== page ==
Avalanche (AVAX) - Twitter

Source: Twitter @avalancheavax

Inflation is another concern that AVAX developers wanted to avoid. As part of this strategy, they introduced a host of deflationary mechanics to the blockchain. For example, all transaction fees are burned on the Avalanche blockchain. This lowers the circulating supply which in turn drives up demand.

Gas fees have been a problem for Ethereum users and developers. Gas fees are the cost of paying nodes to execute smart contracts and transactions. Ethereum has suffered from crushing high gas fees this year as congestion from the DeFi movement continues to build. Avalanche provides a lower fee structure due to the network’s multi-layered technical structure.

How Does Polygon Work?

Polygon creates a multi-chain ecosystem like Avalanche but with different layers. The network leverages four layers rather than three. The composition of the network provides it with top-notch interoperability with other networks. Providing these networks with secure communication options helps to improve the functionality of all networks.

Ethereum Layer

The first layer is the Ethereum Layer. This layer is what enables Ethereum developers to leverage the same tools when creating Dapps, blockchains, and digital assets. The layer is also responsible for staking protocols. Finally, it’s tasked with messaging between networks.

Security Layer

The Security Layer handles validation services for subnetworks. This system is unique because it provides security as a service to subnets. As such, this layer acts as a non-mandatory option for developers. One the core system, this layer handles validator management.

Network Layer

The Polygon Networks Layer is where sovereign blockchains reside. The protocol handles the consensus for the system including block production. The network layer is also tasked when transaction collateral is required. This structure provides more security and better performance as it separates consensus from smart contract execution.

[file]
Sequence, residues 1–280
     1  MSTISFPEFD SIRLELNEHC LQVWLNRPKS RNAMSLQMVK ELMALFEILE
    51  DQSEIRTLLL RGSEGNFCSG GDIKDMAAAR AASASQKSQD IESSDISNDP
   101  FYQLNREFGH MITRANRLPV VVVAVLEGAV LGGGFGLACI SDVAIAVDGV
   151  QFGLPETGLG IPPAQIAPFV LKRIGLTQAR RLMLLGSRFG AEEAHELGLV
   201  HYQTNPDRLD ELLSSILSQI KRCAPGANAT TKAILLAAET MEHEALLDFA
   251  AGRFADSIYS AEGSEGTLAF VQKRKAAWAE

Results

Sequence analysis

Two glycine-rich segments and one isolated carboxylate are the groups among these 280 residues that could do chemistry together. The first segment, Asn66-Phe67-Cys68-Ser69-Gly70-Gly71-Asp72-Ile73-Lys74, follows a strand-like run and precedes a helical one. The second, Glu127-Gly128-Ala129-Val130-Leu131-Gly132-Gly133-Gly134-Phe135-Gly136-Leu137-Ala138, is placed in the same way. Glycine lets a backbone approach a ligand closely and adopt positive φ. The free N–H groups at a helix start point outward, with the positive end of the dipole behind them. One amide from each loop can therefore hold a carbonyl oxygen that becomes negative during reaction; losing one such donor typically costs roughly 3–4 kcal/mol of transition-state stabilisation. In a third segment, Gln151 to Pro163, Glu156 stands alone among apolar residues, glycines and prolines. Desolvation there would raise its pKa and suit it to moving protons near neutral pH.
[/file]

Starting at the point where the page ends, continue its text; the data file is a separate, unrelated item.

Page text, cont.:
Execution Layer

Finally, the Execution Layer has the job of interpreting transactions. It also handles the execution of these transactions. To accomplish this task, the protocol splits into two subsystems. The Execution environment handles virtual machine implementations, while the Execution logic layer handles state transition functions.

The framework enables anyone to create new networks with less effort compared to earlier protocols. The system offers one-click deployment and access to a variety of program modules to make blockchain creation easier than ever. Developers don’t need to be coding experts to create blockchains on Polygon. The protocol provides solutions for everything from consensus, to governance. There are even modules that make it easy to integrate staking protocols, dispute resolution systems, and much more.

How Does Avalanche Work?

Avalanche first hit the market in September 2020 with the launch of its mainnet. The system received immediate attention from traders for multiple reasons. For one, the developers, Cornell researcher Emin Gün Sirer from Ava Labs decided to leverage multiple layers to provide improvements on its predecessors.